The following table lists answers to common questions many beginners have on the topic of coin collecting. One of the best resources for answering questions is your local coin club, but if you don't have access to one (or even if you do) another option is to go to one of the many coin-related forums on the internet. Use google to find them.
Have a question that's not addressed below? Email me and I'll do my best to directly answer you.
At the state level we have access to resources most local coin clubs don't have, such as a visual education library, experts in organizing show and educational activities, and a membership base that contains people involved in every aspect of the hobby. Plus, we act as a central collection point for publishing numerous member articles and distributing information of interest for the region. Our financial resources also allow us to undertake projects broader in scope than most clubs could easily handle.
In accordance with bylaws, rules and regulations. You can see from the officers list that we have many experienced volunteers, each of whom is involved with their own member clubs, in some cases many clubs. As such we represent the interests of a wide variety of people, with different backgrounds and preferences. The governing board meets several times per year (and those meetings are open to the membership), and there are various other committees, functions, and activities sprinkled here and there on the calendar.
Goodness, we thought you'd never ask! It's pretty simple...just attend one of the meetings, make contact by correspondence or email, or ask at your own local coin club (hopefully you already belong to one)—there's often an NASC Representative at your club that can help you get involved.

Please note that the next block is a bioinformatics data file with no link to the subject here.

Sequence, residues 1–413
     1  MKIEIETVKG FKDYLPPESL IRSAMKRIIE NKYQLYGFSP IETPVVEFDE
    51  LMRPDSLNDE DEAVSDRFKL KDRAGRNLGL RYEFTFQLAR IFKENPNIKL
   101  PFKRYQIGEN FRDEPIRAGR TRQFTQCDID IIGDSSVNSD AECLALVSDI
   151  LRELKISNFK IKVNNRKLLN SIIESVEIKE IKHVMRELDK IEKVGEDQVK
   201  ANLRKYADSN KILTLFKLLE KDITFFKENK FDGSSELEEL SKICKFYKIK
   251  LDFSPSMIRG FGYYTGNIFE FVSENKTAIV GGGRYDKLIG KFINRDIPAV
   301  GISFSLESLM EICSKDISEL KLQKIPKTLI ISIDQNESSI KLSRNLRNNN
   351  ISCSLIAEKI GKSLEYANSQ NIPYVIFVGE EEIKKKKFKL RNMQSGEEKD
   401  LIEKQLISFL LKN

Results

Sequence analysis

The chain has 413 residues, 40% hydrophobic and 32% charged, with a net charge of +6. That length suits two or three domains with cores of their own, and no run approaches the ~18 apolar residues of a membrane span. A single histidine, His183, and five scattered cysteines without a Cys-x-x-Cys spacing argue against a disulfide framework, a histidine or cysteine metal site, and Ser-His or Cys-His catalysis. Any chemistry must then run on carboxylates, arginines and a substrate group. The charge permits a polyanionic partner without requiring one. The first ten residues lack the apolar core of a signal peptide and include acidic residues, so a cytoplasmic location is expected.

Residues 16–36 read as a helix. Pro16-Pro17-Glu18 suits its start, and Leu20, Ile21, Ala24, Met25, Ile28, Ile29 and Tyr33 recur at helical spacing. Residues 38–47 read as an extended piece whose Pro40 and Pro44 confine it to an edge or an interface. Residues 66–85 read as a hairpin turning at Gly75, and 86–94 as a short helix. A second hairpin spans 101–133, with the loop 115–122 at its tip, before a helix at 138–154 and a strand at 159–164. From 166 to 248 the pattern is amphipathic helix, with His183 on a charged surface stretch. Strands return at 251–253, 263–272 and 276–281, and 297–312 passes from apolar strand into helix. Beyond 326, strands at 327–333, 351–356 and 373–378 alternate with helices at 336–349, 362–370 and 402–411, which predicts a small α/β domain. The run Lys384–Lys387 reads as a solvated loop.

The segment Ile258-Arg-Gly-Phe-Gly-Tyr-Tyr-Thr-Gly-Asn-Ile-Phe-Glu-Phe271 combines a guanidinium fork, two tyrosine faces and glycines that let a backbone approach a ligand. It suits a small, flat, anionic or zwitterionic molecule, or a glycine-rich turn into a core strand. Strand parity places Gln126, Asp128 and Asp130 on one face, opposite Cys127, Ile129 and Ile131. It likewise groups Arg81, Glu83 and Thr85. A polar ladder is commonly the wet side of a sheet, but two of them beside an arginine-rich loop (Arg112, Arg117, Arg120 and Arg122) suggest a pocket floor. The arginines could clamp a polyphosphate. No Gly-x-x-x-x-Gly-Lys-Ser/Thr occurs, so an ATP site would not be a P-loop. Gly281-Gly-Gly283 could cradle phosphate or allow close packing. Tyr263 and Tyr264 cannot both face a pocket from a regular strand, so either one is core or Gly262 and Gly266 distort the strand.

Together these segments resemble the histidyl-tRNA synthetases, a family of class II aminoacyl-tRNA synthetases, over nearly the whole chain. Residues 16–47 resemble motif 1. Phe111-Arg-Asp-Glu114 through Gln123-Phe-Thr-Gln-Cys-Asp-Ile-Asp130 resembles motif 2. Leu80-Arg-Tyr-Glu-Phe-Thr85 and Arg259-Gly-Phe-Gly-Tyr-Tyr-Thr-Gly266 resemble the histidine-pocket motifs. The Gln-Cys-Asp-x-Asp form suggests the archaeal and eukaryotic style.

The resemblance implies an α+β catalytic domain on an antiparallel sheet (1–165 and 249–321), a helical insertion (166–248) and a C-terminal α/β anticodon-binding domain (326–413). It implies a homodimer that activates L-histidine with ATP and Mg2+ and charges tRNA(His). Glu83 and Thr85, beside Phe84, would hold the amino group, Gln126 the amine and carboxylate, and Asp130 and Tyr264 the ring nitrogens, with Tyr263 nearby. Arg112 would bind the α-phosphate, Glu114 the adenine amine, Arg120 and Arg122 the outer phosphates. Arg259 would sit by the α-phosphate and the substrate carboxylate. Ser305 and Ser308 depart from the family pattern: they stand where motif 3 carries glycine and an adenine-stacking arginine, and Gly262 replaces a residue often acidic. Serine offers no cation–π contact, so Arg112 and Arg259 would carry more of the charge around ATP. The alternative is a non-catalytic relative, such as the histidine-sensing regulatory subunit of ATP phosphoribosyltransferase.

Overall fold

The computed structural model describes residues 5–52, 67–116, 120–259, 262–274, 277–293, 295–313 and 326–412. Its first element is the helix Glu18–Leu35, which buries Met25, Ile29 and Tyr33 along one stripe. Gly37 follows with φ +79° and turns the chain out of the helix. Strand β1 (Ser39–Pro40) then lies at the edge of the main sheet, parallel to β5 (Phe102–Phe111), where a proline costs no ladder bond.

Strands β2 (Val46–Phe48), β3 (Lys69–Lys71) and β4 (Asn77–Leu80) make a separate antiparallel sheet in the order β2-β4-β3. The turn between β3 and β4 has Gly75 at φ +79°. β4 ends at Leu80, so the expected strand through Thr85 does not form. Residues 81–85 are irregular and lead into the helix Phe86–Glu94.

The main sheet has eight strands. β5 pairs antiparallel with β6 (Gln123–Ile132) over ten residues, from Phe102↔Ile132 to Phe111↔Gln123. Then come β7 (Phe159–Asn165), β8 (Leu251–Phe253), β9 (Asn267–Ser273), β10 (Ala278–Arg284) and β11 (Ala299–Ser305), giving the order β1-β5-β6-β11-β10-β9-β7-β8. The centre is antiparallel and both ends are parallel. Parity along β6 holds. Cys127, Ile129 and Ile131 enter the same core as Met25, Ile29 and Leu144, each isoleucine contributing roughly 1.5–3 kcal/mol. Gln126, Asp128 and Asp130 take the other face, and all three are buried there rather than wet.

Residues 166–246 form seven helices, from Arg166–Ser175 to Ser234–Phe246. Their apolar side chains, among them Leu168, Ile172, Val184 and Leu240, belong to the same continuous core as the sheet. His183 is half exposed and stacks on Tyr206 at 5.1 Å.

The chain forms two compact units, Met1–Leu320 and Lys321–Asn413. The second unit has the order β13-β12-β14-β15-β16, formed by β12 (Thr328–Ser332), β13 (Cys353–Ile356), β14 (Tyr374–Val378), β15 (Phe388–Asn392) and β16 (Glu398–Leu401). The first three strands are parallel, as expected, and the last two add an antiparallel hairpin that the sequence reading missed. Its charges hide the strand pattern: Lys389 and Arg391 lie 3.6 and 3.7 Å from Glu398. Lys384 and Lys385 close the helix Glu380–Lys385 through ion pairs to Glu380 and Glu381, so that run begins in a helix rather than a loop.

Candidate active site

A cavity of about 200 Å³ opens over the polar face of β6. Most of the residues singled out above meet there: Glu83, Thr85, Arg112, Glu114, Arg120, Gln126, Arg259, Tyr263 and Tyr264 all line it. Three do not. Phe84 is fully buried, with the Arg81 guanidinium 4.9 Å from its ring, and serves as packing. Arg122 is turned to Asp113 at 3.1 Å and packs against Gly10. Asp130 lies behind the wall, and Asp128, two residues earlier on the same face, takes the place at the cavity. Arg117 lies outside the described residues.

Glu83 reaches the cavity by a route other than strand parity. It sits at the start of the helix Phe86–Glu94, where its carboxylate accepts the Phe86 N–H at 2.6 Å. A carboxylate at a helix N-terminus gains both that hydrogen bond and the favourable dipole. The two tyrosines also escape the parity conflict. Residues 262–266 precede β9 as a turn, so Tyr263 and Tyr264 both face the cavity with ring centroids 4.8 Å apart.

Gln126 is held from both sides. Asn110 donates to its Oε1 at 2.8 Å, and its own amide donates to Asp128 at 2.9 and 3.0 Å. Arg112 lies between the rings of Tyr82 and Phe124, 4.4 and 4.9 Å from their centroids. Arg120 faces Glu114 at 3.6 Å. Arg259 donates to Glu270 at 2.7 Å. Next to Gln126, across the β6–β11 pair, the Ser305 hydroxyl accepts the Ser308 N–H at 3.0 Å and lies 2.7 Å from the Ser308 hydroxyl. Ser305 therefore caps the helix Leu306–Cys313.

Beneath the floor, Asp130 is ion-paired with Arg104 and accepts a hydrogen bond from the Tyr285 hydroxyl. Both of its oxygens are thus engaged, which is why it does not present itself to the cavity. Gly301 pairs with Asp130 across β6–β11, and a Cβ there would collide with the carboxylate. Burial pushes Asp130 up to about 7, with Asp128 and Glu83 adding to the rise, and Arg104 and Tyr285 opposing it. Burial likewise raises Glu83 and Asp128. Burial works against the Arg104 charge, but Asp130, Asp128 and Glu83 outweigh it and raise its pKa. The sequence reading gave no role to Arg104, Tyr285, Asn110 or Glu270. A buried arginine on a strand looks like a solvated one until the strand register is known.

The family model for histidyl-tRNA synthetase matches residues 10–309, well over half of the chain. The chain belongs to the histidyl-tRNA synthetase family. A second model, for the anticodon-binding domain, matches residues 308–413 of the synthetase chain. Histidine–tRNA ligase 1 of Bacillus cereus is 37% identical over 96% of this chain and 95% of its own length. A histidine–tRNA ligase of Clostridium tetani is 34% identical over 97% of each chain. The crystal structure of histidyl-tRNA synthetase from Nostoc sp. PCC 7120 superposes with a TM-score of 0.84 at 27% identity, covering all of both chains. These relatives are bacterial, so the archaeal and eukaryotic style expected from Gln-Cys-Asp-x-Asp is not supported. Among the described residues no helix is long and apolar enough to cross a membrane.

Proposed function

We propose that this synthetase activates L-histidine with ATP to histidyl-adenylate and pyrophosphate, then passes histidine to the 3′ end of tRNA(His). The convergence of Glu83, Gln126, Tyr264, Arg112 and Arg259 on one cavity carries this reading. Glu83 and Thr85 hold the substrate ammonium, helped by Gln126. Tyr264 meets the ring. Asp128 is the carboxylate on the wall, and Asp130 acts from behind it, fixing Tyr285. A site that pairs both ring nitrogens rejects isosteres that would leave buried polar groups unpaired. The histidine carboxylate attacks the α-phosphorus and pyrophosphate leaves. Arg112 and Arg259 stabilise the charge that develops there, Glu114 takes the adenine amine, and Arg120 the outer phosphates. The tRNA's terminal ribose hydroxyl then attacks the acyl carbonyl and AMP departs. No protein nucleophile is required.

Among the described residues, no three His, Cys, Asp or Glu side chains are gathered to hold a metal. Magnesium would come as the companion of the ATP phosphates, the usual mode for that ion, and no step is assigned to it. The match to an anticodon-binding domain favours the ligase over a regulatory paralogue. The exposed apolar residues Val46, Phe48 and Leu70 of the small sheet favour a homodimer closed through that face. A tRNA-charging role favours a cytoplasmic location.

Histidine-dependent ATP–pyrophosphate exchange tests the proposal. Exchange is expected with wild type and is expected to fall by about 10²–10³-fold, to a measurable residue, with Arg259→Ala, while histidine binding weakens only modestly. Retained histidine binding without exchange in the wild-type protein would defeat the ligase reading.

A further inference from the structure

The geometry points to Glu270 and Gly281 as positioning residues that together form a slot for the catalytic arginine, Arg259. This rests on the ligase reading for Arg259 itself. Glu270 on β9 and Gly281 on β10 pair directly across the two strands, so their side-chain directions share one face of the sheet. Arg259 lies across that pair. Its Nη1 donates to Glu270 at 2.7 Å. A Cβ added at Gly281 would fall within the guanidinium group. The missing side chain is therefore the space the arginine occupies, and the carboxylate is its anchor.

Everyone is welcome to attend the NASC Board Meetings. General business is carried on in the open, and the diversity of topics will make for an enjoyable morning or afternoon. Most meetings last two or three hours at most. Contact us by email or check the Calendar page if you're interested in attending the next meeting.
Tough question without seeing the coin. The value of a coin is dependent on two primary factors: 1) demand versus scarcity, and 2) condition. Most coins people come across are not very scarce, so condition plays a very important role. Most beginners (and quite a few experienced collectors) tend to over grade their coins; this is a natural optimistic tendency, and one that can be overcome with discipline and experience. One website that has a price list for US coins is CoinClub. Remember, this listing (or any other) is simply a guide to value. If you're a seller and looking for a buyer, you can probably expect to get a bit less than this. For lower priced coins (say under $100), the discount is pretty stiff (maybe as much as 50%); for higher priced coins you might only give up 10% or so. It all depends on the coin, how badly the person you're talking to wants it, and your negotiating skills.
Local coin clubs and coin stores are also an excellent source of information on coin values. The club members will be flattered that you're consulting them, and are likely to be more impartial in their estimations, even if they may not have the pricing experience of dealers.
Another excellent way to get a good idea of the true price you coin should bring upon sale is to search eBay for the same coin in similar condition. If you can find it there, look at the closed auction results to see what people are really willing to pay for that piece. Be careful to pay close attention to the condition, and any varieties or mint marks that may be different from the coin you have. Just a minor difference can give you the wrong information.
Here's a few books your local library may have that will also help to determine coin values:
The NASC doesn't deal in coins, but there's many options out there for someone who wants to sell. You should remember that there's generally a trade-off between the ease of sale and the amount you can expect to receive. Here's three options that are popular with a lot of folks: